Katherine Gallagher is a Staff Attorney at the Center for Constitutional Rights, where she focuses on holding individuals and corporations accountable for serious violations of international law. Before joining CCR, she worked at the United Nations International Criminal Tribunal for the former Yugoslavia for nearly five years.
Jennie Green is a Senior Staff Attorney at the Center for Constitutional Rights and, for the past 15 years, has specialized in international human rights legal actions in U.S. courts and international bodies against multinational corporations, foreign officials and U.S. officials.
Paul Hoffman is a partner in the law firm of Schonbrun, DeSimone, Seplow, Harris & Hoffman LLP and a cooperating attorney with the Center for Constitutional Rights. He has been at the forefront of ATS litigation for the last 25 years and argued Sosa v. Alvarez-Machain before the U.S. Supreme Court.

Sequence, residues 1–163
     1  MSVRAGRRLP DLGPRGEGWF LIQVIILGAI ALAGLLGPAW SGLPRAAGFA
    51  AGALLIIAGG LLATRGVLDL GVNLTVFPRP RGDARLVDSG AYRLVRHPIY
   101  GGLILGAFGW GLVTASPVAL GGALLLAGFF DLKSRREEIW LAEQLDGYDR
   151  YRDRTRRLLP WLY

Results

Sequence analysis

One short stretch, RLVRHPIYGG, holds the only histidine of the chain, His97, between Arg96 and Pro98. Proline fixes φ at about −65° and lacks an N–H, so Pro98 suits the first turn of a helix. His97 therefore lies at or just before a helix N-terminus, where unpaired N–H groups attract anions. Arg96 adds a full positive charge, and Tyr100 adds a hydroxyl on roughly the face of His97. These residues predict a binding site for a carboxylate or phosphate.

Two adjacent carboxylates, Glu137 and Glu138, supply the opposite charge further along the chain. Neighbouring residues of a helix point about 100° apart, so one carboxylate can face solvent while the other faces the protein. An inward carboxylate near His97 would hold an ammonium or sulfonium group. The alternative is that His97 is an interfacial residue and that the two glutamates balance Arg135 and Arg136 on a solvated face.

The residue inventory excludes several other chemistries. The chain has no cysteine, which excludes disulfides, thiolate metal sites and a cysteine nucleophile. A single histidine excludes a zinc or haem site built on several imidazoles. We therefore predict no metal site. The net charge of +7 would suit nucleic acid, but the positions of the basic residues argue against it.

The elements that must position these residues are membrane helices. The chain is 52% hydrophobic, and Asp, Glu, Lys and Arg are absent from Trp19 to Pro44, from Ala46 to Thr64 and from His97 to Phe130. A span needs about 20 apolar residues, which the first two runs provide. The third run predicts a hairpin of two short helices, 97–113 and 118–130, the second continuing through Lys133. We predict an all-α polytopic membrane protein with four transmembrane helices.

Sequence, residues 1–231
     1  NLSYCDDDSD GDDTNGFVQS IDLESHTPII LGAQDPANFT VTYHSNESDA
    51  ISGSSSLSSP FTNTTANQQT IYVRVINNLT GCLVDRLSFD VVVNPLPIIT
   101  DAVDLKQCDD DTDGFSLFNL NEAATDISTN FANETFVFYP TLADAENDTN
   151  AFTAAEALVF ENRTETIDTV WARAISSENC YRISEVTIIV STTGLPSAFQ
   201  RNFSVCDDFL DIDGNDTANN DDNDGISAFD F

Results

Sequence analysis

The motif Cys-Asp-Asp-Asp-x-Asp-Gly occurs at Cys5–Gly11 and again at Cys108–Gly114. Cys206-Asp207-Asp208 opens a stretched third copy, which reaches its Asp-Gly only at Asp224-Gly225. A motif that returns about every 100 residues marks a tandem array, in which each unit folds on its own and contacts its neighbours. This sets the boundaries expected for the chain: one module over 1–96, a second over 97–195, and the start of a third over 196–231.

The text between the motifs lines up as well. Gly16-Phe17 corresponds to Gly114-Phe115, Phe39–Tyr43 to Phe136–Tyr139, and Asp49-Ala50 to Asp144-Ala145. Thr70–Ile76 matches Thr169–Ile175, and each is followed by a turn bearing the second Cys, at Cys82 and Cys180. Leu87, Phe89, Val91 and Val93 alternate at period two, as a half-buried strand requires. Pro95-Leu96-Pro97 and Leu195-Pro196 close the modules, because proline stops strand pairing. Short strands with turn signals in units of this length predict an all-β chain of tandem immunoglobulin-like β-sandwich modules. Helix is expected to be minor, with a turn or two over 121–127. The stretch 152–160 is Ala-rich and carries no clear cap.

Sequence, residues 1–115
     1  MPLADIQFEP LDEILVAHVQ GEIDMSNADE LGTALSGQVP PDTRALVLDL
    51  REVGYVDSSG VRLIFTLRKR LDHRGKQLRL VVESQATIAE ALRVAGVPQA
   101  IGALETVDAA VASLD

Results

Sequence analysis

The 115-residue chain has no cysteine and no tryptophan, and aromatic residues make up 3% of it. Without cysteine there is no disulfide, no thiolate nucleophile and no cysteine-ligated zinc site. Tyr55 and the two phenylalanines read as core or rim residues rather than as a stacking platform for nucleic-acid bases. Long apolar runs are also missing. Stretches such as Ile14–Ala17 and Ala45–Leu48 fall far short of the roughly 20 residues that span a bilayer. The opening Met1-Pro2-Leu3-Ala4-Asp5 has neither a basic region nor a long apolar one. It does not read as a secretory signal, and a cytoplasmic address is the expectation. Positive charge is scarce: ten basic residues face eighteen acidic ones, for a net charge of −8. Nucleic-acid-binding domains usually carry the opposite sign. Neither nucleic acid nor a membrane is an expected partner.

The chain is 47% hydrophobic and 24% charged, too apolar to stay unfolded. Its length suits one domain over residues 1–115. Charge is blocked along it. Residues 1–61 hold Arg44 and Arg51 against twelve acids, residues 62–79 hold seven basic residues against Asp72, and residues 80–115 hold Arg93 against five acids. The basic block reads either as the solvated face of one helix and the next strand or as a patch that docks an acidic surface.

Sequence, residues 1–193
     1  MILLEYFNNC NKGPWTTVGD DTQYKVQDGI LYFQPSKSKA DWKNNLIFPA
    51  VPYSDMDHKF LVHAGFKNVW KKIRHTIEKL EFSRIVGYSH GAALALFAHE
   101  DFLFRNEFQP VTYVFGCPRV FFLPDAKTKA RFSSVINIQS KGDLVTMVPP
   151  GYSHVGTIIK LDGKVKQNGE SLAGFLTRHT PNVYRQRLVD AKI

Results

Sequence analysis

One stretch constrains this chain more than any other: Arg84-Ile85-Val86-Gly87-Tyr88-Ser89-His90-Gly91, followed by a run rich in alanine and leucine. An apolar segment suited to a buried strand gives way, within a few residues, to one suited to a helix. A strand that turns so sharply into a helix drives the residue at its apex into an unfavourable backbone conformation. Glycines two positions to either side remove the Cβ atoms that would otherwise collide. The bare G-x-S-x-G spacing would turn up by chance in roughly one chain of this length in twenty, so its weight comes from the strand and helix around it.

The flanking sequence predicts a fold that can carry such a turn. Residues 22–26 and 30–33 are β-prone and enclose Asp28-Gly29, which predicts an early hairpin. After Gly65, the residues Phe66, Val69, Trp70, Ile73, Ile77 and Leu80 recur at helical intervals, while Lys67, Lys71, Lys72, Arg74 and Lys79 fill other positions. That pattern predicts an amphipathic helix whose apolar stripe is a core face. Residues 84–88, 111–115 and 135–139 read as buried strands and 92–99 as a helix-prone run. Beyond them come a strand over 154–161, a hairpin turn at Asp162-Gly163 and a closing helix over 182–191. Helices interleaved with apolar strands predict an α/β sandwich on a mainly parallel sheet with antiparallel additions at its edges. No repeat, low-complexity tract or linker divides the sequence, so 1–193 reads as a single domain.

Maria LaHood is a Senior Staff Attorney at the Center for Constitutional Rights, where she works on cases seeking to hold U.S. and foreign government officials and corporations accountable for human rights violations abroad.
David Scheffer is a professor and Director of the Center for International Human Rights at Northwestern University School of Law. He was previously the U.S. Ambassador at Large for War Crimes Issues (1997-2001) and led the U.S. delegation in U.N. talks establishing the International Criminal Court.
Additional faculty may be added
This training program is sponsored by the Center for Constitutional Rights and Northwestern University School of Law's Center for International Human Rights.